With a huge spike in online shopping and services, and people signing up to streaming platforms, it’s now more important than ever to think before you put your details online.
A recent scam tried to email and text people to give them a ‘free subscription’ to Netflix. Unfortunately, this wasn’t the case - it was using a fake domain ‘netflix-usa.net’ instead of the regular Netflix.com.
Fraudsters use any opportunity they can to make money, including exploiting tragedies and global emergencies, preying on people’s kind nature.
Things you can do to protect yourself and others from these malicious activities:
- Does it seem too good to be true? If it does, it’s likely to be a scam. Is there a miracle drug to protect you? Unless it’s in the news it’s probably not true. Ignore fake medical advice and trust the official guidance from organisations such as the NHS, Public Health England and the World Health Organisation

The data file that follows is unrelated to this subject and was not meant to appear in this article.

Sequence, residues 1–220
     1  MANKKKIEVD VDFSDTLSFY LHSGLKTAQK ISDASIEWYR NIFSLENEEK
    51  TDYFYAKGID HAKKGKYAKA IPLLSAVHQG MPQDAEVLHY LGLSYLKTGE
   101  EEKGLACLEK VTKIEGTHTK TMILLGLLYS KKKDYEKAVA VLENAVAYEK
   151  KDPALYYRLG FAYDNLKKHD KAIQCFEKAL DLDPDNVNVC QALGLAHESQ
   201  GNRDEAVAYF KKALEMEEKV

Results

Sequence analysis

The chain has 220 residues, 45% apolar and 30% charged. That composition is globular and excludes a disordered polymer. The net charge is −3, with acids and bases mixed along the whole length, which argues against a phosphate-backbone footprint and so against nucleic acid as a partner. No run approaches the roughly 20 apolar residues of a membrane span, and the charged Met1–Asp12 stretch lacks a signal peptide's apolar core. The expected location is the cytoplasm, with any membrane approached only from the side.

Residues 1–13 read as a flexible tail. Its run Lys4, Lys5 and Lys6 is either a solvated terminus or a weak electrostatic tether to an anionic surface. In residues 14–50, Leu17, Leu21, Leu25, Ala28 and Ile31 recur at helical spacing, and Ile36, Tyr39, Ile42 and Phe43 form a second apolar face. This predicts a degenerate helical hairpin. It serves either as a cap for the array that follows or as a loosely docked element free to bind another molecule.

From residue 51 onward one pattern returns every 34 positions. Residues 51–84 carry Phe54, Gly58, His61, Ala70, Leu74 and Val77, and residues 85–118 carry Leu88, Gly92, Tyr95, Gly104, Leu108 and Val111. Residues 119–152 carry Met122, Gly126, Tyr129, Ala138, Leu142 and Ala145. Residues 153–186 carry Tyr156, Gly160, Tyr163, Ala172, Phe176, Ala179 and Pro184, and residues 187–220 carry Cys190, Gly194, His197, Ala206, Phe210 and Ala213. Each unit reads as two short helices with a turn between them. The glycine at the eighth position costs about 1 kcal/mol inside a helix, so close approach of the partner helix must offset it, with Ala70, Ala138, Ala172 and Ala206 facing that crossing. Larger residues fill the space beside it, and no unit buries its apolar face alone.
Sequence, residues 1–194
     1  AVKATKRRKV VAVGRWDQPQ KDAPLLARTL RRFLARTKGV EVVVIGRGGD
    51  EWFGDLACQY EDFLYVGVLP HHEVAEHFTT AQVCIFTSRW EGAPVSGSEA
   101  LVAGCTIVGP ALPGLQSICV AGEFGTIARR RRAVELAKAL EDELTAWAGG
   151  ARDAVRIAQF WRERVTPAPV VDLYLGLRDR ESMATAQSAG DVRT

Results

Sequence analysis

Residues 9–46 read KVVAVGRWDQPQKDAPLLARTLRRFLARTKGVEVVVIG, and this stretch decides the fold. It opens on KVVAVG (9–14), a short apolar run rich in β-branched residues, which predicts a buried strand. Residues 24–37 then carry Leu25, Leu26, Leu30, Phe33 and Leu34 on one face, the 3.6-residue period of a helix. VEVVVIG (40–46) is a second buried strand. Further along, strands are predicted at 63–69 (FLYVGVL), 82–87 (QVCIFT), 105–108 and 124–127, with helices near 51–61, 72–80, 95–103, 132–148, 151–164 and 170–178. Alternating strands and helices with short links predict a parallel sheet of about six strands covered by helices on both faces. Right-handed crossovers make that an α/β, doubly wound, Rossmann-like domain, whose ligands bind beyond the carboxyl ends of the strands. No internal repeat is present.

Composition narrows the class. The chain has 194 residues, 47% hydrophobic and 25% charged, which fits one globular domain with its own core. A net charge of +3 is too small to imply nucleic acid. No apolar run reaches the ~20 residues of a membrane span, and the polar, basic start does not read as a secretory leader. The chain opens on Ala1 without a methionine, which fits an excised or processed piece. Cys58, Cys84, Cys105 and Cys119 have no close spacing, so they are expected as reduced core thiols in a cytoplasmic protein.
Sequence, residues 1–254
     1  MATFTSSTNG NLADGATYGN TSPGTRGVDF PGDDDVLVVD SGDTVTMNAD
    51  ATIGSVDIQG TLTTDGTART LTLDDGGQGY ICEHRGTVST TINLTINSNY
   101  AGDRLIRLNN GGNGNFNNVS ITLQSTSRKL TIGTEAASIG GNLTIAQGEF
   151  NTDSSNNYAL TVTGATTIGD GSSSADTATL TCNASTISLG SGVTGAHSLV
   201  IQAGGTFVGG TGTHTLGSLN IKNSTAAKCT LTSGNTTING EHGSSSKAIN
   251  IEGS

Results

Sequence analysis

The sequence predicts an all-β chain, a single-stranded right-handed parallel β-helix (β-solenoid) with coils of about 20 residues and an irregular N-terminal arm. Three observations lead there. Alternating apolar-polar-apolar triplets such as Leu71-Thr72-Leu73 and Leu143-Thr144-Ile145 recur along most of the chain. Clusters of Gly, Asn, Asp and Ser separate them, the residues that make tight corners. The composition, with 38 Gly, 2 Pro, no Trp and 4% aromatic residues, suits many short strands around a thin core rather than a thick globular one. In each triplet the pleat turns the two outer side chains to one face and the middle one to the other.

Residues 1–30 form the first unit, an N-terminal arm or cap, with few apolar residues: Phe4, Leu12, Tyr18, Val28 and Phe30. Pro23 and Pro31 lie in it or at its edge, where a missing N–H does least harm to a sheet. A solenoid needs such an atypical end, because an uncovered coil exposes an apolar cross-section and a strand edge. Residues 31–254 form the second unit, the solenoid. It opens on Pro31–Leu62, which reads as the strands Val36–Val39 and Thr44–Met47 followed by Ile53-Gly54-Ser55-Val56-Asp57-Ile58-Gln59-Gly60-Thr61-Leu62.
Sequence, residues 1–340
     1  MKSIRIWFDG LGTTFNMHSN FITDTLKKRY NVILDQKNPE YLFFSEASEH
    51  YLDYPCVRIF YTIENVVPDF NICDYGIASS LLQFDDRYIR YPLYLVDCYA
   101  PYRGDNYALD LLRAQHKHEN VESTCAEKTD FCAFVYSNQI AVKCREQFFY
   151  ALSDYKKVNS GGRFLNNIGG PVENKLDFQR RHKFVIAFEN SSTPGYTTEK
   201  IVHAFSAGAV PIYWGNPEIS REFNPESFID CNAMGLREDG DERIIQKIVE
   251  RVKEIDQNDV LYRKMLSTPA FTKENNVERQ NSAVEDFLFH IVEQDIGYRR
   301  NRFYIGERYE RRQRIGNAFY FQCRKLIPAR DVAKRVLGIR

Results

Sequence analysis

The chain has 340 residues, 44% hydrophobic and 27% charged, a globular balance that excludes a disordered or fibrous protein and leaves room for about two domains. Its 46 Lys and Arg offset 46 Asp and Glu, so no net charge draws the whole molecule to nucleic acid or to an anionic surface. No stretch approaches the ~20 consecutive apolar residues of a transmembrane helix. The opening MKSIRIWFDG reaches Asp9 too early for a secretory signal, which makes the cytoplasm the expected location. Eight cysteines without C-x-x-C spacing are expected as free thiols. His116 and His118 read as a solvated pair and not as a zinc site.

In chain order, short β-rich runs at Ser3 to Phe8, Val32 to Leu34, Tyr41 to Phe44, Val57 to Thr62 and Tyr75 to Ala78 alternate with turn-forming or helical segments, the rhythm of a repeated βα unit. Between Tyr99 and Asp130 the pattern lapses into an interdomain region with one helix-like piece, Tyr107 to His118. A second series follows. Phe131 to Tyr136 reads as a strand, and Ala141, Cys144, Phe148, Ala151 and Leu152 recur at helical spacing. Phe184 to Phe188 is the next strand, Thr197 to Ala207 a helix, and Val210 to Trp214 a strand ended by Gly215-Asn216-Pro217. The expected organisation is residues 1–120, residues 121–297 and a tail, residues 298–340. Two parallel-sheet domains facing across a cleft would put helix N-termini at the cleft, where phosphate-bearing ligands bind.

- Follow the basics - don’t give out your personal or financial details if you’ve been cold called or been sent suspicious emails.
- Flag it to Action Fraud and they can look into it for you.
- If you’re using your University emails, emails sent from outside the GRE network (gre.ac.uk) will be marketing with [EXTERNAL] – pay special attention to these, even if they’re named from a person you recognise (e.g. staff member or student).
- Don’t buy goods from the doorstep.
- Make sure your devices are up to date with the latest software to protect from the latest digital threats.
- Remember, it’s easy for someone to steal a logo, so if you need to check give the company a ring from their official website. It’s better to wait for a reply than rush into a scam.
Not everyone is good at spotting scams online, so if you can help an older relative or vulnerable person to order shopping or essential items, you can help to protect them from fraud.